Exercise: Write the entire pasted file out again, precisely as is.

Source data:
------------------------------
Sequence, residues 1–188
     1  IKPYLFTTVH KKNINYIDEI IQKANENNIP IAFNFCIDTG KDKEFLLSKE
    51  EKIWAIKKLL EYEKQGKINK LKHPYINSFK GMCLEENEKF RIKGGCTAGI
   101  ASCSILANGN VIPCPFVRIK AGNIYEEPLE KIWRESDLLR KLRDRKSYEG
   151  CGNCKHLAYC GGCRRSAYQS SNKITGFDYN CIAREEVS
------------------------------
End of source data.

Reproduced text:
Sequence, residues 1–188
     1  IKPYLFTTVH KKNINYIDEI IQKANENNIP IAFNFCIDTG KDKEFLLSKE
    51  EKIWAIKKLL EYEKQGKINK LKHPYINSFK GMCLEENEKF RIKGGCTAGI
   101  ASCSILANGN VIPCPFVRIK AGNIYEEPLE KIWRESDLLR KLRDRKSYEG
   151  CGNCKHLAYC GGCRRSAYQS SNKITGFDYN CIAREEVS